Briefly survey the various “what if” methods that we might wish God would use to communicate with us. Who wishes God would phone? Perhaps a text message? Maybe an email? Possibly a GodTV cable channel? God has chosen to reveal Himself in various and often creative ways in the past. In chapter two of The Story, God reveals Himself in very personal ways to the various characters. God takes the Upper Story and brings it down into the Lower Story by working through people like us. Thankfully He continues to reveal Himself to us through the enduring communication of His Word. 

This lesson focuses on faith through a study of three episodes in the life of Abraham. In the text of the story you might also have noticed some verses from the book of Hebrews that are used to further illustrate what was going on in the life of Abraham. 

I. Episode One: A Land for Abram 

A. Synopsis Abram is 75 years old the first time God calls him. God asks Abram to leave his present home and go to an unknown place that He would show him. So Abram gathered his family and belongings and eventually ended up in Canaan.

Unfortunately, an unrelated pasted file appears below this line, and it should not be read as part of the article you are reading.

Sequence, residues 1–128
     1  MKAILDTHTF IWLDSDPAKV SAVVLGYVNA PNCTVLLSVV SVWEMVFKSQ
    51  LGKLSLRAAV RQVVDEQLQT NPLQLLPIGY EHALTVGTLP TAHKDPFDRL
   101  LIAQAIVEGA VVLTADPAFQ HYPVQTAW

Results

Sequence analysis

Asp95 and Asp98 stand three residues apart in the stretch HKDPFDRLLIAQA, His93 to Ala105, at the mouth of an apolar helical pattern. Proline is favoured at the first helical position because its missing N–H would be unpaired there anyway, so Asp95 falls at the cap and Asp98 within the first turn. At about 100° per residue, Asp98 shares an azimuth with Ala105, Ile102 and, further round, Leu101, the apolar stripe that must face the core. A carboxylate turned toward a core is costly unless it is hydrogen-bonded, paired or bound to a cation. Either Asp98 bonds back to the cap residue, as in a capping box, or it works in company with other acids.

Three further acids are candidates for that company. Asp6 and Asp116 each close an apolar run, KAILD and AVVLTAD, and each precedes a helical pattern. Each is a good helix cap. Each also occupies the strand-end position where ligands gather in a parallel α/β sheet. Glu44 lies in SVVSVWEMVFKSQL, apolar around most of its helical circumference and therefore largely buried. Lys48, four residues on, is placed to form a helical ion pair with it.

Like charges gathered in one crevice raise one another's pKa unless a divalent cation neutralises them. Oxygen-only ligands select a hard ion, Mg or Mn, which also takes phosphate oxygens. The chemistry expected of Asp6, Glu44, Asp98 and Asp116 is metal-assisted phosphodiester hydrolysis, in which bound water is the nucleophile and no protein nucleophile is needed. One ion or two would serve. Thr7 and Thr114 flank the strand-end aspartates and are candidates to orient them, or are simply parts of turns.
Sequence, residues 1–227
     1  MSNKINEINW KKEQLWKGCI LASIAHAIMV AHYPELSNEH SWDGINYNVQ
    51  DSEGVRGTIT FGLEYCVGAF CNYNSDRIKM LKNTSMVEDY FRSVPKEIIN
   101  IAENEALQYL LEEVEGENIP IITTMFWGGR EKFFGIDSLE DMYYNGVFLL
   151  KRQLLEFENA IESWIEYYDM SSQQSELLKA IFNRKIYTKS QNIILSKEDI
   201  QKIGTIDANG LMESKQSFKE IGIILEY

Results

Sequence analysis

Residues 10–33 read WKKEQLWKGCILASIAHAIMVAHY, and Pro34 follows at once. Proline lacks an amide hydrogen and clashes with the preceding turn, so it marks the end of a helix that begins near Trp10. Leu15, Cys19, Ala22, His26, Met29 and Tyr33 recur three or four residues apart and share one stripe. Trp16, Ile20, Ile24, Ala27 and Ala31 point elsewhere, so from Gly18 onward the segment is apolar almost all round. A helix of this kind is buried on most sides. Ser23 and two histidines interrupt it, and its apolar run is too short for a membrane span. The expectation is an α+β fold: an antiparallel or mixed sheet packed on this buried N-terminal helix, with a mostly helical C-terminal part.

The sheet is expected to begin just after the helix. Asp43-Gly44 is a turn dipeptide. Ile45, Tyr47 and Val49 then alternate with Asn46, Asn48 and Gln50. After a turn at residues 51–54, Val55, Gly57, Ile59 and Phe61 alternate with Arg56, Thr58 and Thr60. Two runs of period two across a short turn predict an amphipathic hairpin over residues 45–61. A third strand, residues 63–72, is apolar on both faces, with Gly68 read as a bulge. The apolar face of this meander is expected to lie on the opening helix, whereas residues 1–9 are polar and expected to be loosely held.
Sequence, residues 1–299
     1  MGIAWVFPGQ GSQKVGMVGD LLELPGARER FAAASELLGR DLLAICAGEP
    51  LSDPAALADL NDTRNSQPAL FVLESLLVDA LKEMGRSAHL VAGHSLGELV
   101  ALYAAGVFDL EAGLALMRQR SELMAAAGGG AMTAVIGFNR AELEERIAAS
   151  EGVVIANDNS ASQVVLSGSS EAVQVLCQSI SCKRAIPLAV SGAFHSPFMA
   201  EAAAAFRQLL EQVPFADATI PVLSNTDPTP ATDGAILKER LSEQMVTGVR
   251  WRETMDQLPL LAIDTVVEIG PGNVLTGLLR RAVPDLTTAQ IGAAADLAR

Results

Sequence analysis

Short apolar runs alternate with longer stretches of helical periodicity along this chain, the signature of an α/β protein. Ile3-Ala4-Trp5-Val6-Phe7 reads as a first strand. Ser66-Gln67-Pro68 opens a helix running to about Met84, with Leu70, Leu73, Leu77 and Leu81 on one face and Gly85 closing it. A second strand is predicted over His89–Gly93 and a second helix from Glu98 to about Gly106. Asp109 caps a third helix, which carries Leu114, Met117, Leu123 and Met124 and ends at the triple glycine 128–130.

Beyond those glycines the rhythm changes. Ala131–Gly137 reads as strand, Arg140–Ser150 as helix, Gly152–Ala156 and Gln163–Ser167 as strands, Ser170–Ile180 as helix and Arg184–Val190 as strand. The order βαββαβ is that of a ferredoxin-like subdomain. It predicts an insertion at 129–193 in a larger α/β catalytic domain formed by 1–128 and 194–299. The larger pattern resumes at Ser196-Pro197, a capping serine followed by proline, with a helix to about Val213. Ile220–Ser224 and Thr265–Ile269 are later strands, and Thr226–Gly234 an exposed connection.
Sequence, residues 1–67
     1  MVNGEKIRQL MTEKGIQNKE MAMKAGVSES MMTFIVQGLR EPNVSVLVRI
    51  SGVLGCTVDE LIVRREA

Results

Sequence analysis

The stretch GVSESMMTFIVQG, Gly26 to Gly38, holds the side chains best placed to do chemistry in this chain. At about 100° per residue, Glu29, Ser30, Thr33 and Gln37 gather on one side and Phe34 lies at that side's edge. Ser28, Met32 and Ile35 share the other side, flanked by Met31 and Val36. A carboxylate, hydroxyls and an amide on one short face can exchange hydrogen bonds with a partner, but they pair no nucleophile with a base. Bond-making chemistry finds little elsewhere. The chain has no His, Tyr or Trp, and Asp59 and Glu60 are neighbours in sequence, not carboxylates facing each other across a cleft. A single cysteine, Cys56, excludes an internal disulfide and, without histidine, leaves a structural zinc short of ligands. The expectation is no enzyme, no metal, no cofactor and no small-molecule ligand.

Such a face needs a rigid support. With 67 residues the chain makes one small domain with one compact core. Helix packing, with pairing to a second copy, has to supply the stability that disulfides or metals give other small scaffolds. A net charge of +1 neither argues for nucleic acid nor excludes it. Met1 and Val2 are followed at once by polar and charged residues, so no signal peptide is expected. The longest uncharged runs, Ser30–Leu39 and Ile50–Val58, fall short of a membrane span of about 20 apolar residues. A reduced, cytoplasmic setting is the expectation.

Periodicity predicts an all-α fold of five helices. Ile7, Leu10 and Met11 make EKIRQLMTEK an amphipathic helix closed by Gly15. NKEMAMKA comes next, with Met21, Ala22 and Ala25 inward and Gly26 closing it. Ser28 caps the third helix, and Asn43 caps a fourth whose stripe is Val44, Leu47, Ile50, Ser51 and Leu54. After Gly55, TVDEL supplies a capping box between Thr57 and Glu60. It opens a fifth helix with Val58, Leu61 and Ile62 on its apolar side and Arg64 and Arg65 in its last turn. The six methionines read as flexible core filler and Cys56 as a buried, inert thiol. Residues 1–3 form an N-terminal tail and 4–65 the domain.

B. God 

1. God initiated the relationship with Abram 

2. God gave Abram specific instructions 

3. God made specific promises to Abram in a covenant: 

a. I will make you a great nation 

b. I will make your name great and you will be a blessing 

c. I will bless those who bless you and curse those who curse you 

d. I will bless all the peoples of the earth through you 

C. Abram’s Faith Response 

1. Abram was chosen by grace, not by merit 

2. Abram obeyed God’s instructions by faith 

3. Abram built altars and worshiped 

II. Episode Two: An Heir for Abram 

A. Synopsis Abram worried that he had no children of his own. He expressed his concerns to God, who promised that an heir would come from Abram’s own body. Abram and Sarai used Hagar to produce a child, Ishmael. But Isaac, the child of promise, would come from Sarah’s womb.